Don't miss

Replay


LATEST SHOWS

ENCORE!

Colombia: How culture is helping to change a nation

Read more

EYE ON AFRICA

Chad added to US travel ban list

Read more

BUSINESS DAILY

Alstom, Siemens boards consider train builder merger

Read more

IN THE PAPERS

'Macron's EU plans thwarted by German election'

Read more

MEDIAWATCH

Online reactions to Kurdish referendum

Read more

THE DEBATE

Iraq's Kurds: Will referendum really lead to independence?

Read more

TALKING EUROPE

Catalonia independence vote: Tensions rise between Barcelona and Madrid

Read more

TALKING EUROPE

Catalonia’s regional foreign affairs chief: ‘This referendum is not illegal’

Read more

ENCORE!

Music show: Lucy Rose live, Ibeyi and Miley Cyrus

Read more

FOCUS

Our Focus programme brings you exclusive reports from around the world. From Monday to Friday at 7.45 am Paris time.

Latest update : 2009-10-30

Wave of deadly attacks leaves Taliban looking stronger

As Pakistan's army steps up its offensive against the Taliban, a recent string of devastating attacks in Pakistani cities has led local newspapers to talk of a "black October" and has widened the gap between the country's government and its people.

On Tuesday, October 20, seven students including young women were killed in a double suicide bombing at the Islamic University in the Pakistani capital, Islamabad.

When two hours after the blast Interior Minister Rehman Malik appeared on the scene, he was sent scurrying for shelter less than a minute later as furious students hurled stones at him.

The incident was indicative of a profound shift in public opinion in Pakistan, where more and more people hold the authorities responsible for the violence of the Taliban.


Yet, only a few weeks ago, the country had appeared united in support of the army's latest offensive against the Taliban. A daring assault on the military's headquarters on October 10 and a triple attack on police in Lahore had finally persuaded to government to launch a ground offensive against the main stronghold of the Taliban in the restive South Waziristan province.

But the operation has failed to halt the attacks, the Pakistan authorities proving unable to prevent the bombings in the country's major cities. Popular support is sinking fast as the ghosts of the past resurface: three times already, the armed forces have prematurely ended their offensives in South Waziristan.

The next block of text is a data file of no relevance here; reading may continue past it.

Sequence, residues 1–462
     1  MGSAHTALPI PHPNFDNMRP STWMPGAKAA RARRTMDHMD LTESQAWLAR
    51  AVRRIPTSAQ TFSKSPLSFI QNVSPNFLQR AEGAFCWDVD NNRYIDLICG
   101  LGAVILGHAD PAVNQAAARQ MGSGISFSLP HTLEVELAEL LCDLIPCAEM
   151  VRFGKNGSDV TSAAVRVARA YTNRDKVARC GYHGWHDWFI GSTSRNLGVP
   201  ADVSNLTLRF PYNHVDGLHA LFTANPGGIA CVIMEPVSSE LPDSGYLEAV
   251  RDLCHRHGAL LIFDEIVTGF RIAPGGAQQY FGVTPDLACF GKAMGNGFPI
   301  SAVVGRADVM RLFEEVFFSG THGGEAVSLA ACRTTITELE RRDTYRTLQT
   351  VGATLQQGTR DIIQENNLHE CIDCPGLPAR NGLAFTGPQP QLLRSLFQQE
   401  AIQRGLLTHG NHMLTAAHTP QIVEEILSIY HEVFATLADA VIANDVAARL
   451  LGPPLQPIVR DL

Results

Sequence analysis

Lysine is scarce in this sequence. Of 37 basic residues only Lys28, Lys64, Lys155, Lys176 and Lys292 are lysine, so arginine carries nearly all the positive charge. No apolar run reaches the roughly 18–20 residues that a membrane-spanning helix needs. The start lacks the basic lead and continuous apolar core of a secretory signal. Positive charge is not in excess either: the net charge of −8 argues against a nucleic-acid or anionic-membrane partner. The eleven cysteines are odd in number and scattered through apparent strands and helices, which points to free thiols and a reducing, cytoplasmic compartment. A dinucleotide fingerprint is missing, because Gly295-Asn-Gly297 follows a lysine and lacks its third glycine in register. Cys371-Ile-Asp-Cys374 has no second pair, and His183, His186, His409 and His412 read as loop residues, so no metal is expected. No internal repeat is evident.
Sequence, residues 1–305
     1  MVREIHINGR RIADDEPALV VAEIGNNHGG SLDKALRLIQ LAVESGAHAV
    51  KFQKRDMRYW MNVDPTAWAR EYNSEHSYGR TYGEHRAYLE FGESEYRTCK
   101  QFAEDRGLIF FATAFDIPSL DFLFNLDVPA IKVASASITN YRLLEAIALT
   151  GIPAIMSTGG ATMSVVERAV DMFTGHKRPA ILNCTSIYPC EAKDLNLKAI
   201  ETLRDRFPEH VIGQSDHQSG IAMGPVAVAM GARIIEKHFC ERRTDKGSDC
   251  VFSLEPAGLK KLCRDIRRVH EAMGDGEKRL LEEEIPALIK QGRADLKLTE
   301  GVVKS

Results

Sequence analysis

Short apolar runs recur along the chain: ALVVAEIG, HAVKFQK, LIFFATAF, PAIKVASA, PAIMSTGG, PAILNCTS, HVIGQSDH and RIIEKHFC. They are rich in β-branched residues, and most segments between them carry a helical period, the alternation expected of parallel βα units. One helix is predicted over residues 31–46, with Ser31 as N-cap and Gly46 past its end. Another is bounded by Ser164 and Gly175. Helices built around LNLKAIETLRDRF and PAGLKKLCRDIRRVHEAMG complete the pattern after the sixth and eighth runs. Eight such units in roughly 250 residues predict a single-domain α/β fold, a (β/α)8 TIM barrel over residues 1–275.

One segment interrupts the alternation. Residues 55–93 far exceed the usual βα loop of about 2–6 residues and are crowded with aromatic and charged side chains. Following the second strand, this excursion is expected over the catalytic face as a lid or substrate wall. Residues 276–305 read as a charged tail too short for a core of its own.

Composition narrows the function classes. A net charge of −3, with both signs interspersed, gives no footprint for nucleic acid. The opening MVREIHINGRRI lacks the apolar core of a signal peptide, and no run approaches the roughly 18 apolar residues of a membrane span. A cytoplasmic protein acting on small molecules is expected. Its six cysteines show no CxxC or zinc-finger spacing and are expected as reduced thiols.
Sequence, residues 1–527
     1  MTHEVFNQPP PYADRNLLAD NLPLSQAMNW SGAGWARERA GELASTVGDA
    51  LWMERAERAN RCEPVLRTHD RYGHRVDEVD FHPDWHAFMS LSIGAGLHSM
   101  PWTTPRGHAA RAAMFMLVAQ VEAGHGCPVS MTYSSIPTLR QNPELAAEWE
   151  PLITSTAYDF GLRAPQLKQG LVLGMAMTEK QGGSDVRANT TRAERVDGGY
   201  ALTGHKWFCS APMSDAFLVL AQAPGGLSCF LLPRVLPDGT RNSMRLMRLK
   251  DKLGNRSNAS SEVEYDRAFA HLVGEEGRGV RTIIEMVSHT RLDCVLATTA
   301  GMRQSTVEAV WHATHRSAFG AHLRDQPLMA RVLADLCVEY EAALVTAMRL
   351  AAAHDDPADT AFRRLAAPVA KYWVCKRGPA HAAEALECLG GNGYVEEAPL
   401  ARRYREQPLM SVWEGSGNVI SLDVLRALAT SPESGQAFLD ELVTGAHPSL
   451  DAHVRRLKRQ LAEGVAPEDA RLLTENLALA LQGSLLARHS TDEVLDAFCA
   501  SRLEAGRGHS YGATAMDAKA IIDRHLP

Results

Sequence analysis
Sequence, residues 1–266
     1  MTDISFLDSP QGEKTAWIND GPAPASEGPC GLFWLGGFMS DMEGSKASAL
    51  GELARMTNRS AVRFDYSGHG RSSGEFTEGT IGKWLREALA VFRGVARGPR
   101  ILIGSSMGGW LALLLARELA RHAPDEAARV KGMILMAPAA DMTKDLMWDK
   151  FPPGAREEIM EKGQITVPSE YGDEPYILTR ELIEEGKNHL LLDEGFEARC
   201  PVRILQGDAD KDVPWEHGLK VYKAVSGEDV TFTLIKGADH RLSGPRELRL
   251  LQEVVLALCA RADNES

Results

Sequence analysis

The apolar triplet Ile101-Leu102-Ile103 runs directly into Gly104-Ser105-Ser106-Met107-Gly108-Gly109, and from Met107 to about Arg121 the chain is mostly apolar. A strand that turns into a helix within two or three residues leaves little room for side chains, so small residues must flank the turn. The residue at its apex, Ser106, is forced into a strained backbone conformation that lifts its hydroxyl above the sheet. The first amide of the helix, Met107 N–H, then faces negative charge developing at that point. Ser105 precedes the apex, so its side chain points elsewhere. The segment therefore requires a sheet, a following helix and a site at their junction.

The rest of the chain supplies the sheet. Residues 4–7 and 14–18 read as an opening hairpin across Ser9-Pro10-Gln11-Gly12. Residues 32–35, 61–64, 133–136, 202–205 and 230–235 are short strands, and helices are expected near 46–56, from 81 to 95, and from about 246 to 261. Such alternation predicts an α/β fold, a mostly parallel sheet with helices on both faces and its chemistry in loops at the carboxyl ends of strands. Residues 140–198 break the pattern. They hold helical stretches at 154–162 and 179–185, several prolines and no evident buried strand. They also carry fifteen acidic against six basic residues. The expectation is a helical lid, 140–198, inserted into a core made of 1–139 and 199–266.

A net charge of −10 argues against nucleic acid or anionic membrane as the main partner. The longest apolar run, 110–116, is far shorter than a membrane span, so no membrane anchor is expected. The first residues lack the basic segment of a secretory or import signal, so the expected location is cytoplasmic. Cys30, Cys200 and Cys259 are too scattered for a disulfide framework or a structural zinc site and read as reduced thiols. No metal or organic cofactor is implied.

By Cédric MOLLE LAURENCON

COMMENT(S)

Archives

2017-09-25 Poland

Judicial reforms: Polish government on collision course with EU

Poland’s president has unveiled new proposals for an overhaul of the country’s judicial system. For the European Union, the proposals serve as critical pointers of whether Warsaw...

Read more

2017-09-22 Germany

'Generation Merkel' yearns for continuity and stability

It's common for young people to vote against the status quo in elections. But that's not the case in Germany. The so-called "Merkel Generation" have only known one German...

Read more

2017-09-21 Burma

Rohingya crisis: Monks with an ultranationalist agenda

During Burma's half a century of military dictatorship, the country's Buddhist monks became one of the main pillars of non-violent protest against the junta. But in the last few...

Read more

2017-09-20 Asia-pacific

Are universities in Pakistan becoming a breeding ground for terrorism?

In recent years in Pakistan, a growing number of students from prestigious institutions have taken part in terrorist attacks. Unlike students from madrassas, which are under...

Read more

2017-09-19 Americas

Rio mired in economic crisis a year after hosting Olympics

A state of "financial calamity" was declared in Rio de Janeiro just before it hosted the August 2016 Olympic Games. Salaries for public servants went unpaid and funding was...

Read more